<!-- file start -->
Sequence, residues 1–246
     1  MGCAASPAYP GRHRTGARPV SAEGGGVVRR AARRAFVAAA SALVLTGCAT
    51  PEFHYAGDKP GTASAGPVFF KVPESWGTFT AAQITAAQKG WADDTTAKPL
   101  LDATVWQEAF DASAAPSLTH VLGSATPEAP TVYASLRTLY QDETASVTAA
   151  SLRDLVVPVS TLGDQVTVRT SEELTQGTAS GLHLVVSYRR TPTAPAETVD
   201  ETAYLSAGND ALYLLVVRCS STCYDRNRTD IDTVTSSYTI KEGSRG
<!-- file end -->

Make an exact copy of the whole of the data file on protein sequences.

Sequence, residues 1–246
     1  MGCAASPAYP GRHRTGARPV SAEGGGVVRR AARRAFVAAA SALVLTGCAT
    51  PEFHYAGDKP GTASAGPVFF KVPESWGTFT AAQITAAQKG WADDTTAKPL
   101  LDATVWQEAF DASAAPSLTH VLGSATPEAP TVYASLRTLY QDETASVTAA
   151  SLRDLVVPVS TLGDQVTVRT SEELTQGTAS GLHLVVSYRR TPTAPAETVD
   201  ETAYLSAGND ALYLLVVRCS STCYDRNRTD IDTVTSSYTI KEGSRG